…Reverence for the constitution is, to this day, so deeply rooted in the hearts of the people, both North and South, that they will tolerate no tampering with it, either by Northern or Southern fanatics. Break it, as secession must do, and slavery is doomed. For it has no hold on the majority of the people, save as it is guaranteed by the constitution. In the war that must follow secession, the forcible emancipation of slaves will be too powerful a weapon against the South to be neglected by the Federal government. There will be nothing, then, to save this fated institution from annihilation; and when once extinct, it will be no more forever, on the North American continent at least. I am thoroughly sure, Colonel, that the immediate abolition of slavery is impossible in this country, unless the way be paved for it by the attempt to destroy the national government…”

As for Victor, his moral qualms never quite go away, but after his first naive forays, he makes no further attempt to argue the point. Only one character, Victor’s cousin, Woldemar Auf den Busch, ever really opposes the institution on the grounds of morality – yet there is no sense that we are supposed to admire him for it. Far from it: his stance is tainted by the echo of the word, fanatic. Not only are we not encouraged to like Woldemar as a person – although he does grow and improve over the course of the novel – but whenever he tries to raise a moral objection to slavery, he is immediately and sharply slapped down. Furthermore, there is an implicit comparison in this plot-thread of actual slavery to life under monarchy that, personally, I found both disingenuous and distasteful.

Only about half a dozen slaves in total appear in this novel, all of them owned by the Mays, and only one who can rightly be called a character. This is Cressie, Nellie May’s own slave, who is referred to throughout as “the Octoroon”, on account of skin so pale, she is often mistaken for white; who is so beautiful, so graceful in her behaviour, so proper in her speech, that she is sometimes taken for a guest in the Mays’ house. When, in the wake of the Emancipation Proclamation, the Mays’ other slaves depart in an instant, Cressie stays behind: the thought of leaving her former owners never crosses her mind.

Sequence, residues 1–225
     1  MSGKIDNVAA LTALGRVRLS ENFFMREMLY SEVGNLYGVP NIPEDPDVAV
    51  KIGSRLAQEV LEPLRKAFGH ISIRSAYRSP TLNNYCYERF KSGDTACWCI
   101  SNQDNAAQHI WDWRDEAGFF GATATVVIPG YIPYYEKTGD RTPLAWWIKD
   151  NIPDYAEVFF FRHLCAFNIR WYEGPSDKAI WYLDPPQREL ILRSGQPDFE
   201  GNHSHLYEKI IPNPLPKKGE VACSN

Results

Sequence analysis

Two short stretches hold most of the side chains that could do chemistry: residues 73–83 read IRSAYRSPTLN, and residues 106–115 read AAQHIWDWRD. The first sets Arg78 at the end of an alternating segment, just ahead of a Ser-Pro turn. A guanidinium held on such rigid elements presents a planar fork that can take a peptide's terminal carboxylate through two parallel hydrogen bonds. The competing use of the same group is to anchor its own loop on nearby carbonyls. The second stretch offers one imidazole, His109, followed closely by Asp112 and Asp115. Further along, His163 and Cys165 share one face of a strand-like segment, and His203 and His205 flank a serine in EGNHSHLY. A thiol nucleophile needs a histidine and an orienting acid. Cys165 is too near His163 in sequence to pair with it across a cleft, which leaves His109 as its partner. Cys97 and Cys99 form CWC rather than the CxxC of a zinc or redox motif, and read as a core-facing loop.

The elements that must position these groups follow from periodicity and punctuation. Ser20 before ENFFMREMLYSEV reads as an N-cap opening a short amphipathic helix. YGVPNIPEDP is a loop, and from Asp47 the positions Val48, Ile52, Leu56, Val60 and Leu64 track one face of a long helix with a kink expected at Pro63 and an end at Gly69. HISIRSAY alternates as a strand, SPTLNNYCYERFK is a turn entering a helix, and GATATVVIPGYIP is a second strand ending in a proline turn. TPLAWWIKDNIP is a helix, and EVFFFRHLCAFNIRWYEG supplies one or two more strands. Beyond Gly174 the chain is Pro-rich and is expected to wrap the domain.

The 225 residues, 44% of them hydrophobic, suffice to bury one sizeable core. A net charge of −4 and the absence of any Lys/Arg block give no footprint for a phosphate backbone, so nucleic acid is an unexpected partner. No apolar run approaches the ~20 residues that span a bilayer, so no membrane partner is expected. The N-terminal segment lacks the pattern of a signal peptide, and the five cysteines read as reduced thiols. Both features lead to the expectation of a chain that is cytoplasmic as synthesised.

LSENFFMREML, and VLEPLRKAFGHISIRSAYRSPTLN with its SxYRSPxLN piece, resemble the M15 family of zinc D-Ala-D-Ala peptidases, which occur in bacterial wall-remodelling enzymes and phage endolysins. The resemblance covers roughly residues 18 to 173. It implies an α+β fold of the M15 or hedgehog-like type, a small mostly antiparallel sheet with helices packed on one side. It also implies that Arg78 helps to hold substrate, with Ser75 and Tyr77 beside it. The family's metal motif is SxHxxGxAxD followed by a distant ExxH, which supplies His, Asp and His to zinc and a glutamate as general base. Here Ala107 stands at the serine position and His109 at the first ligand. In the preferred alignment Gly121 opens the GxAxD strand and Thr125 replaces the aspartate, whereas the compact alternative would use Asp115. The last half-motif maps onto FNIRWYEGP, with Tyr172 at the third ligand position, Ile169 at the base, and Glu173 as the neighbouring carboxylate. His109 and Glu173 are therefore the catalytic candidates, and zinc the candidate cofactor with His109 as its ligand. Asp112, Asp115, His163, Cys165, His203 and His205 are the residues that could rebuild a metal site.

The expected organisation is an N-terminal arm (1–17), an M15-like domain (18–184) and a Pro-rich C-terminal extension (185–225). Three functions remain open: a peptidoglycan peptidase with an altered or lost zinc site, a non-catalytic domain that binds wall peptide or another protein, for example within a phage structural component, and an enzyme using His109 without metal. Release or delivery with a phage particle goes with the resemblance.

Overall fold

This, then is the face of slavery in The Rebel’s Daughter; and we remember, too, that J.G. Woerner once wrote an anti-slavery play called Amanda, The Slave, in which the title character is white. How do we interpret this pattern? Perhaps Woerner believed that many white people could only understand the horrors of slavery if they saw them being inflicted on other white people; or perhaps, consciously or unconsciously, he felt that slavery became more wrong as the people enslaved were more white. It is impossible to say. While the oblique, to-one-side treatment of slavery in this novel is never less than intriguing, and quite in keeping with its political focus, I have to admit that the handling of this aspect of the story made me rather uncomfortable.

On the other hand, the relationship between Victor and Nellie is entirely conventional Civil War drama stuff, their romance acting as usual as a symbol of the relationship between North and South. Ever noticed how it nearly always is a Northern man and a Southern woman in these things? – or that when it is Southern man / Northern woman, it’s more likely to end unhappily? All sorts of implications in that, of course, including the North being coded “masculine” and the South “feminine”; the ensuing romance involving her being brought to the “right” way of looking at things, and her “rebellion” inevitably ending in “submission” – and absorption. I suppose, too, it’s a consequence of the convention that a proper woman adopts her man’s beliefs, and to have it the other way around would either mean her adopting beliefs that were wrong, or holding opinions different from her husband’s – and we couldn’t have that, now, could we?

The almost-not-quite romance of Victor and Nellie, which begins when they are little more than children, with his calf-love and her blithe acceptance of his homage, winds itself around the novel’s political content. Nellie is passionate in all her feelings: in her devotion to her father, to her state, and to the southern cause; so that Victor’s adherence to his constitutional principles, and his necessary separation from Colonel May, strikes her as an act of vile dishonour and betrayal. Victor himself is introverted and often self-doubting, though equally passionate when roused; and ironically, it is only in the face of Victor’s agonised renunciation of her that Nellie comes truly to understand and appreciate his character. By then it is too late, of course: the next time they see each other, Victor is wearing a blue uniform.

Back when I reviewed Philip And Philippa I asked the question, When did it stop being okay for a man to write like this? Well, The Rebel’s Daughter was published two years earlier, so perhaps we shouldn’t be surprised to find J.G. Woerner using extravagant and deeply sentimental language to tell his love story. Now, don’t get me wrong: I have no objection to a love story, or even to happy-ever-after; but while I don’t for an instant doubt Woerner’s sincerity, I have to admit that I found his verbal torrents rather hard to swallow. Here, for example, is Victor saying goodbye to Nellie. Can you actually imagine a man under extreme emotional duress making a speech like this?—